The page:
TORONTO, Ont. – That which does not kill us, makes us stronger. It’s a refrain that has been repeated by everyone from philosopher Friedrich Nietzsche to singer-songwriter Kelly Clarkson.
Barry Pokroy of Circle & Square, a Farber coaching business, says the key to the desired outcome will involve preparing for what he calls “post-traumatic growth”.
“We are living in uncertain times,” Pokroy said, during a webinar hosted by Newcom Media, which publishes Today’s Trucking.
Covid-19 has challenged an array of assumptions about the world. Traveling to work, taking public transit, or going to the doctor don’t feel like safe activities anymore. He suddenly has a different relationship with his car keys. (“What happens if I put them on the table?”)
The pandemic sent businesses into a crisis management mode, as leaders established remote work activities and created task forces to help protect the health of people and businesses alike.
Crises are nothing new, but “change agents” of the past came in the form of factors like new business processes, or mergers and acquisitions.
“With Covid, we were thrust into change. There was no change agent,” Pokroy said.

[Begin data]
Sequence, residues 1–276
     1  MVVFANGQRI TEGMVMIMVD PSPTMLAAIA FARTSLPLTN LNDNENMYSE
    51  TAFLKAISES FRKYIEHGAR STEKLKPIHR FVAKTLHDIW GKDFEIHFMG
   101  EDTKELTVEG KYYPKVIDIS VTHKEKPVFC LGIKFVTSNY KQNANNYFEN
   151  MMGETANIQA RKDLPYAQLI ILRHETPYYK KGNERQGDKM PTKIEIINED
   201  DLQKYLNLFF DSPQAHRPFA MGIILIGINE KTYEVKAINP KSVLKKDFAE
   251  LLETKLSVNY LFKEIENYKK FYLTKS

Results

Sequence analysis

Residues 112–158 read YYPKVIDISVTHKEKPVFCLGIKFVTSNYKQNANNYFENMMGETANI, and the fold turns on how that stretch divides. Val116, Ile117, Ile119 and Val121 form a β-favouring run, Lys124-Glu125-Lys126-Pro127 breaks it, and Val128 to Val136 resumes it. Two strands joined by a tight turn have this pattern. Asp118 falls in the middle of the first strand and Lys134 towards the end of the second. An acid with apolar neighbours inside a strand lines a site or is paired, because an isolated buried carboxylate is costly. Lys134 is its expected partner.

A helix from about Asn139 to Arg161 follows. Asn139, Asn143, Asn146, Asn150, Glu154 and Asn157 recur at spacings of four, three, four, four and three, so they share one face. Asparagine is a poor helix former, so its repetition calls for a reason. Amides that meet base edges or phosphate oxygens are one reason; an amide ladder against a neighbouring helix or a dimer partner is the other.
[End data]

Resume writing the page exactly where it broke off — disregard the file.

He likened the experience to the stages of grief, such as shock, denial, anger, bargaining, and despair. But now it’s a matter of allowing a business to be defeated by coronavirus, or accepting that things are different and moving forward accordingly.
Successful business strategies in a Covid-19 world will involve calling on several resources, he said, referring to changes in workplace policies, the timing of a return to work, safety checks, training and communication.
Comparing the issue to a romantic relationship, he said success will depend on dialogue, intentional emotional awareness, an increased level of consciousness, being realistic, and owning decisions and outcomes.
That will involve having difficult conversations with employees. Personnel will need to be coached to reframe challenges. Two-way communications will require listening with empathy and engaging everyone who is involved.
“These are unprecedented times,” he admitted. “There is no manual for the management of Covid.”
But people and organizations alike often emerge from crises stronger and more resilient than before, he said.
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